Lumpkin County High School will have a shot at a piece of $1 million worth of technology grants.
The school has been selected as one of 75 semifinalists in Samsung’s “Solve for Tomorrow” contest.
Led by Peggy Melton, the Lumpkin County science department chair, science classes will receive a video creation kit, which includes a Samsung camcorder, laptop and Adobe editing software to create videos that answer the company’s challenge: “Show how science or math can help improve the environment in your community.”
Of the top 75 classrooms, 15 schools will win technology grants worth approximately $40,000 and their videos will be placed on Samsung’s website for the public voting round.
Five of those schools will win $110,000 in technology grants and be honored at an awards ceremony.
Lumpkin County students will explore medical careers through a mock hospital project, researching diseases and collecting bacteria from their schools. Roles will vary from Centers for Disease Control epidemiologists to lab technicians to social workers.
The application period for the contest, open to middle and high school teachers across the United States, closed on Oct. 31.
The contest aims to encourage science-, technology-, engineering- and math-based learning.
According to Samsung’s website, only 43 percent of U.S. high school graduates in 2010 were ready for a college math course. Only 29 percent were ready in science.
7 Hall schools recognized for healthy initiatives
Seven Hall County schools have received a national award from the Alliance for a Healthier Generation.
Friendship Elementary School, Riverbend Elementary School, McEver Arts Academy, Chestnut Mountain Elementary School, Spout Springs Elementary School, Chicopee Woods Elementary School and White Sulphur Elementary School have all received the bronze level award from the alliance.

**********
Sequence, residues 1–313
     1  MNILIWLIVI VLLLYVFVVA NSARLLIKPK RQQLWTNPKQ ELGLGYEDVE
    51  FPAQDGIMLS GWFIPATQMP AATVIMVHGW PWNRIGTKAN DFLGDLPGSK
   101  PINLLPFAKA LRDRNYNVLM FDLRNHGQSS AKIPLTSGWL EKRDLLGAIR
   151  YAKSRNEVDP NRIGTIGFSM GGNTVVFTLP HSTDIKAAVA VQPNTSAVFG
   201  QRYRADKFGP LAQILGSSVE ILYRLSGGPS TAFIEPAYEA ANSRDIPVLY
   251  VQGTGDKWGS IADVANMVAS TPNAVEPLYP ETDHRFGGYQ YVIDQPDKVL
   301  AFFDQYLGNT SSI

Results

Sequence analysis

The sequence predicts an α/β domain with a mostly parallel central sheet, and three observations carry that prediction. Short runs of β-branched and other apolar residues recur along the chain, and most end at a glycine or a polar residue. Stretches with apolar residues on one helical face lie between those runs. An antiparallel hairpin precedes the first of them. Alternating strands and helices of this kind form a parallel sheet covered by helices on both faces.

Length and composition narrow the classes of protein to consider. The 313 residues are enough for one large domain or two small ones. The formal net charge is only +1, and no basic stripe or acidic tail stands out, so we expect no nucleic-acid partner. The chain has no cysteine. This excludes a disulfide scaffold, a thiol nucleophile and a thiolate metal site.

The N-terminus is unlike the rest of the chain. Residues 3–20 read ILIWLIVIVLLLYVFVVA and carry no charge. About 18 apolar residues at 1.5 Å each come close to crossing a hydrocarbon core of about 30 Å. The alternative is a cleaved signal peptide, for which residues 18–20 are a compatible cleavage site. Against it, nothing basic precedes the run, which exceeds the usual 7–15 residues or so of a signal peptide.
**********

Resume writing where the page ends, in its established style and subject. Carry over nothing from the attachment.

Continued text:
Only 18 other schools in the state have received similar awards this year.
The alliance works to battle childhood obesity, something Hall County, with the help of UnitedHealthcare, has addressed aggressively in its schools through the Georgia Student Health and Physical Education program.
“This is a program we’ve talked about for awhile,” said Nath Morris, Hall County Board of Education chairman. “This has really taken off and what it’s all about is getting these kids healthy. Healthy bodies equal healthy minds and I truly believe that.”
Eight schools, including Sugar Hill Elementary, North Hall Middle School and South Hall Middle School, were given gold level honors at the state level for their work within the SHAPE program.
The majority of schools receiving national recognition also received state honors.
Lee Johnson covers education issues for The Times. Share your thoughts, news tips and questions with him: